Rebecca Rockett, Ph.D.
University of Sydney, Sydney, NSW, Australia
[email protected]

Kerri Basile, M.D.
NSW Health Pathology, Sydney, NSW, Australia

Susan Maddocks, M.D., Ph.D.
Winkie Fong, Ph.D.
Western Sydney Local Health District, Westmead, NSW, Australia

Jessica E. Agius, Ph.D.
Jessica Johnson-Mackinnon, Ph.D.
University of Sydney, Sydney, NSW, Australia

Alicia Arnott, Ph.D.
NSW Health Pathology, Sydney, NSW, Australia

Shona Chandra, Ph.D.
Western Sydney Local Health District, Westmead, NSW, Australia

Mailie Gall, Ph.D.
Jenny Draper, Ph.D.
Elena Martinez, Ph.D.
Eby M. Sim, Ph.D.
Clement Lee, B.S.
Christine Ngo, B.S.
Marc Ramsperger, Ph.D.
Andrew N. Ginn, Ph.D.
Qinning Wang, Ph.D.
Michael Fennell, M.S.
Danny Ko, B.S.
NSW Health Pathology, Sydney, NSW, Australia

H. Ling Lim, M.D.
Nicky Gilroy, M.D.
Western Sydney Local Health District, Westmead, NSW, Australia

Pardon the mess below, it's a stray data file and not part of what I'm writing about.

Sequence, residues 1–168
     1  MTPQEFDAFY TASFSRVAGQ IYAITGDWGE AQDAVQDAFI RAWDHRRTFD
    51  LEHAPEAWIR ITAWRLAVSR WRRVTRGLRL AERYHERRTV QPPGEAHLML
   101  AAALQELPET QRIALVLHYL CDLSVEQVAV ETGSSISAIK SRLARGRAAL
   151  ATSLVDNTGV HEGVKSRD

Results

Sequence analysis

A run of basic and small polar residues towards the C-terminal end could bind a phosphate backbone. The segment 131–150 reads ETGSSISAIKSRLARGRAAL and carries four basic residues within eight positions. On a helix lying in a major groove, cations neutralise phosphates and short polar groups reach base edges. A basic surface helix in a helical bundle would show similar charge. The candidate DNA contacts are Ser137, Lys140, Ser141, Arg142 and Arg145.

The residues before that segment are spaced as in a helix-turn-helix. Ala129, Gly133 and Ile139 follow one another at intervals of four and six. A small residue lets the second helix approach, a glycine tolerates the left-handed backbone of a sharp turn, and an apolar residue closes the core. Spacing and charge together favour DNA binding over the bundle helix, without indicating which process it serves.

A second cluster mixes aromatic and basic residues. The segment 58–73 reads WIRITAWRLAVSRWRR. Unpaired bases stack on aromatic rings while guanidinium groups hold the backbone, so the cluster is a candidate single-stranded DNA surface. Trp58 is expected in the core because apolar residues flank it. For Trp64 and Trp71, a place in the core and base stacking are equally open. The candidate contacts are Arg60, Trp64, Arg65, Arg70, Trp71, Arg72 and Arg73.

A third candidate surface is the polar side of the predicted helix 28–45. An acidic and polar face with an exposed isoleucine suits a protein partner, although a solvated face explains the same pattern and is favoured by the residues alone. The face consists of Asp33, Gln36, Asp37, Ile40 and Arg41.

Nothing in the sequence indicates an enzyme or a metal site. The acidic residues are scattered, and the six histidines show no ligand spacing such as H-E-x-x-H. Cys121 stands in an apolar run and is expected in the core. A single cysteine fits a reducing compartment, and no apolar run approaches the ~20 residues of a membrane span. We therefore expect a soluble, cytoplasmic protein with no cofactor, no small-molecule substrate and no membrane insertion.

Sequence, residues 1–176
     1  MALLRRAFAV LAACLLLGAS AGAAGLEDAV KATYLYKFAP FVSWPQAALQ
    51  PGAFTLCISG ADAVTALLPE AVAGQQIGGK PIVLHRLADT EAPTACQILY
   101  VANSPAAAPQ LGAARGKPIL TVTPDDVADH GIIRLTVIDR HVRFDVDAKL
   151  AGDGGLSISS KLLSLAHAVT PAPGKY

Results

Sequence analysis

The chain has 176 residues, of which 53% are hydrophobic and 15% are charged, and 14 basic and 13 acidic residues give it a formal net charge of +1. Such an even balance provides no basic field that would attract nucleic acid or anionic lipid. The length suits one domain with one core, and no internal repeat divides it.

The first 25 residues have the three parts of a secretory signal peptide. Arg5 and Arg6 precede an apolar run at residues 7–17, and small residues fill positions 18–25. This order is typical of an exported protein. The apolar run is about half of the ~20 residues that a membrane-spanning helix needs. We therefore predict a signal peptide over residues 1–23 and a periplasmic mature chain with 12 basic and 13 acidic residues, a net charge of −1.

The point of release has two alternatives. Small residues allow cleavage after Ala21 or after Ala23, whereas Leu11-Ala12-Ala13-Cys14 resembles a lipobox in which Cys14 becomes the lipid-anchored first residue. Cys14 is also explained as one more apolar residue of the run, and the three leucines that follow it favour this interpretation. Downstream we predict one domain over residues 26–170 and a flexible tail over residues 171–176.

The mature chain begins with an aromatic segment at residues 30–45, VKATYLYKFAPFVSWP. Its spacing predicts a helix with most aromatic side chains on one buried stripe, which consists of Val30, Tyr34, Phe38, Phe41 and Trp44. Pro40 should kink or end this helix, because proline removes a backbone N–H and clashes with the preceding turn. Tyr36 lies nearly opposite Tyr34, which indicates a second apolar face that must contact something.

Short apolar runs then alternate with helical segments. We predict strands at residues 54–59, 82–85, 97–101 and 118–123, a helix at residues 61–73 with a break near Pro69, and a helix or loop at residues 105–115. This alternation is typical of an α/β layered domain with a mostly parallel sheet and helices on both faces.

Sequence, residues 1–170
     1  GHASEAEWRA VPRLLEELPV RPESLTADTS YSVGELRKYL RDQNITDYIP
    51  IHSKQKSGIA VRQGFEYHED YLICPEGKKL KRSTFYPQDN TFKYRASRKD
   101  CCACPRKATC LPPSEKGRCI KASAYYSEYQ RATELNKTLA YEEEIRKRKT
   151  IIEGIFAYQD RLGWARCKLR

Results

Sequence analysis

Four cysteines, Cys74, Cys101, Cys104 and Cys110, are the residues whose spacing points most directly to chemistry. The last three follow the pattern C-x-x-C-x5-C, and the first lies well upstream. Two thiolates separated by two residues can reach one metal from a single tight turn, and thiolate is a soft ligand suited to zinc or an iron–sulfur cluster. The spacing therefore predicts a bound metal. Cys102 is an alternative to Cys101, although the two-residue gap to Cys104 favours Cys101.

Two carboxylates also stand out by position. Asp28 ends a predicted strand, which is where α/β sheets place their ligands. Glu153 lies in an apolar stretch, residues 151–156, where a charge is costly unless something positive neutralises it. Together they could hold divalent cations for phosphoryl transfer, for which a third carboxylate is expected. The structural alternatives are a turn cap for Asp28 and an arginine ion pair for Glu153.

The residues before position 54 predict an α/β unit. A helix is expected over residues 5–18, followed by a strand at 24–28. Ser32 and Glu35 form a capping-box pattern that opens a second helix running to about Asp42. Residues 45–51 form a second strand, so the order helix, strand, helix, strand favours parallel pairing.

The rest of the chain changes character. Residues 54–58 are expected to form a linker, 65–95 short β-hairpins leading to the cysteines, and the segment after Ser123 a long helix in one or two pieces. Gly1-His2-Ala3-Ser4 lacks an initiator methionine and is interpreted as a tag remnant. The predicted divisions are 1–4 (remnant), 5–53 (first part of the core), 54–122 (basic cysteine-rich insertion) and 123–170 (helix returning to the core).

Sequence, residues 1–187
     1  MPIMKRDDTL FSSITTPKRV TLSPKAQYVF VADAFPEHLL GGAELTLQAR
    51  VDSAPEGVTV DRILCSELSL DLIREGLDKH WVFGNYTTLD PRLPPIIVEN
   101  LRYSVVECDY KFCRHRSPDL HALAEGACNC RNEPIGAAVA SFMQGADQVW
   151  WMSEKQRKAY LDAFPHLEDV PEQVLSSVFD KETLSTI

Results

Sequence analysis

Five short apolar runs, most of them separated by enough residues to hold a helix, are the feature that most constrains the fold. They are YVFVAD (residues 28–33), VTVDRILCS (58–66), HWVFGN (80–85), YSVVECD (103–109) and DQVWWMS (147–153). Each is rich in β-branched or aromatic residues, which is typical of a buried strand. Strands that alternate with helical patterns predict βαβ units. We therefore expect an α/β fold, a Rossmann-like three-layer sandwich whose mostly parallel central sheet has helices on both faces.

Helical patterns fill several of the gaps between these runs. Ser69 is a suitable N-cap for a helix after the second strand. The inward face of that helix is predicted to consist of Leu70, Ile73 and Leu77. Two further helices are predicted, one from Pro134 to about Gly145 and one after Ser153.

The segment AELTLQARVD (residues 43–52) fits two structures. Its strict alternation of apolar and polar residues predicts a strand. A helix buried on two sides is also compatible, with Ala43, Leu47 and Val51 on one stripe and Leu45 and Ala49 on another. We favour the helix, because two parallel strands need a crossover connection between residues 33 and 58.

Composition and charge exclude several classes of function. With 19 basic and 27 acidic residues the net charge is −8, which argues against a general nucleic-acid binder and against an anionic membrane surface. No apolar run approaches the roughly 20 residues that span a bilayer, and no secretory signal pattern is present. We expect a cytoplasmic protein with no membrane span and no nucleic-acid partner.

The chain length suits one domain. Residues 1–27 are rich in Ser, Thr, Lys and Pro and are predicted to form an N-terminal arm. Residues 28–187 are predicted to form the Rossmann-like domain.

Matthew V.N. O’Sullivan, M.D., Ph.D.
Sharon C.-A. Chen, M.D., Ph.D.
Jen Kok, M.D., Ph.D.
Dominic E. Dwyer, M.D.
NSW Health Pathology, Sydney, NSW, Australia

Vitali Sintchenko, M.D., Ph.D.
University of Sydney, Sydney, NSW, Australia
[email protected]

Supported by the Prevention Research Support Program, which is funded by the New South Wales (NSW) Ministry of Health; NSW Health Covid-19 priority funding; a grant (APPRISE 1116530) from the National Health and Medical Research Council, Australia; and a Jerry Koutts Ph.D. Scholarship (to Dr. Basile) from the Institute of Clinical Pathology and Medical Research.

Disclosure forms provided by the authors are available with the full text of this letter at NEJM.org.

This letter was published on March 9, 2022, at NEJM.org.

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  3. 3. Chen RE, Zhang X, Case JB, et al. Resistance of SARS-CoV-2 variants to neutralization by monoclonal and serum-derived polyclonal antibodies. Nat Med 2021;27:717726.

  4. 4. Choi B, Choudhary MC, Regan J, et al. Persistence and evolution of SARS-CoV-2 in an immunocompromised host. N Engl J Med 2020;383:22912293.

  5. 5. Cathcart AL, Havenar-Daughton C, Lempp FA, et al. The dual function monoclonal antibodies VIR-7831 and VIR-7832 demonstrate potent in vitro and in vivo activity against SARS-CoV-2. March 10, 2021 (https://www.biorxiv.org/content/10.1101/2021.03.09.434607v1). preprint.